In chapter 4, Jack McCaffrie and Chris Rahman chronicle the long history of US engagement with Australia, beginning with the arrival of the first American troops in 1942. Of recent arrangements, the authors write that "American use of Australian territory . . . has been built on three elements: the ongoing salience of . . . joint facilities, expanded training and combined exercising, and access to Australian bases and facilities as points for transit, logistic support, and repair for U.S. ships or aircraft" (pp. 100-101). Despite the shared interest noted in this passage, the presence of American bases in Australia has become the subject of controversy, mostly due to the clandestine nature of the missions of some of those bases, which has even been kept secret from some of the highest government officials in Australia.

Of Singapore, Rahman writes in chapter 5 that although "the United States does not operate its own military bases in Singapore . . . the island . . . has become increasingly important to U.S. Pacific Command, particularly the U.S. Navy, since the end of the Cold War as the foremost Southeast Asian location for in-region support facilities" (p. 118). Diego Garcia is doubtlessly the most important US military facility in the Indian Ocean region. Indeed, Walter Ladwig III, Erickson, and Justin D. Mikolay, the authors of the sixth chapter, argue that it is "one of the most strategic American bases in the world" (p. 136). This essay, the longest in the book and the most detailed, includes 15 pages of copious endnotes.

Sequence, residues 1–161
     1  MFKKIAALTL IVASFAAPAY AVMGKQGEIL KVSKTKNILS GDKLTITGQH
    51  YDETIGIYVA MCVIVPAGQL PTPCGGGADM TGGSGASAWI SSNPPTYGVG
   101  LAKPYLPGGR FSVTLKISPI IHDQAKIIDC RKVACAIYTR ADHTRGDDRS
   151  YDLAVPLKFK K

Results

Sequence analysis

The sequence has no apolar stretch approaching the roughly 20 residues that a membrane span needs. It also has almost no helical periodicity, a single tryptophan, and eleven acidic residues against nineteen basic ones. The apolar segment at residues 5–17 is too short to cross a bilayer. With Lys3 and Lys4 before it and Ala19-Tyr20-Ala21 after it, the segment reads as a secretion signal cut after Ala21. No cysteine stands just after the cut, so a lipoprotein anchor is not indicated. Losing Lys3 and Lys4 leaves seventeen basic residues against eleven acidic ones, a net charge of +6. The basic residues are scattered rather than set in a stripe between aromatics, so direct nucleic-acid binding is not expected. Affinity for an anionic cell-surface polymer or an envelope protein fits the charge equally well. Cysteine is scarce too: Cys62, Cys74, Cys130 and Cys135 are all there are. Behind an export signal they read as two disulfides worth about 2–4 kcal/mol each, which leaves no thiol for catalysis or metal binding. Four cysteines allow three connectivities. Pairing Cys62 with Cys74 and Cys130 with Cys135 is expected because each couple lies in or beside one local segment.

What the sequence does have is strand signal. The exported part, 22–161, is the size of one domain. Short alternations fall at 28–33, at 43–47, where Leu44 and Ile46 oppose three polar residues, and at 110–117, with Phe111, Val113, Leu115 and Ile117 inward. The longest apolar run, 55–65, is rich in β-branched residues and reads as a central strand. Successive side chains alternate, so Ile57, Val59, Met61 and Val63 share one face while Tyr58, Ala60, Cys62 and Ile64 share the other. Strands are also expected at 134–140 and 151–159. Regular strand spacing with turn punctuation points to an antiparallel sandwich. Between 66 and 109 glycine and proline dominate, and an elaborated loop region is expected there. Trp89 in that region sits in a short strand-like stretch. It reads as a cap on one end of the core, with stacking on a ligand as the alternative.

In chapter 7, Alexander Cooley writes about US bases in Central Asia--namely, those in Kyrgyzstan and Uzbekistan. These bases came about as a consequence of the war in Afghanistan and have been embroiled in both internal and international political controversy, primarily with Russia.

The last essay, by Sam Tangredi, addresses sea basing by observing that there is no consensus about the definition of that term. Rather, "in its broad vision, 'sea basing' refers to the capability to use the sea in the same way that U.S. forces use overseas regional bases for deterrence, alliance support, cooperative security, power projection, and other forward operations” (p. 200). Tangredi concludes with four recommendations for the Department of Defense to consider regarding this capability.

Each of the essays in Rebalancing U.S. Forces is a valuable contribution to the analysis of the United States' global strategy and the role that its bases play in the world, particularly in the Asia-Pacific region. The questions they raise should be the subject of discussion and debate at the highest levels of the Department of Defense.

Dr. Clark Capshaw
Military Sealift Command
Washington Navy Yard, DC


"The views expressed are those of the author(s) and do not reflect the official policy or position of the US government or the Department of Defense."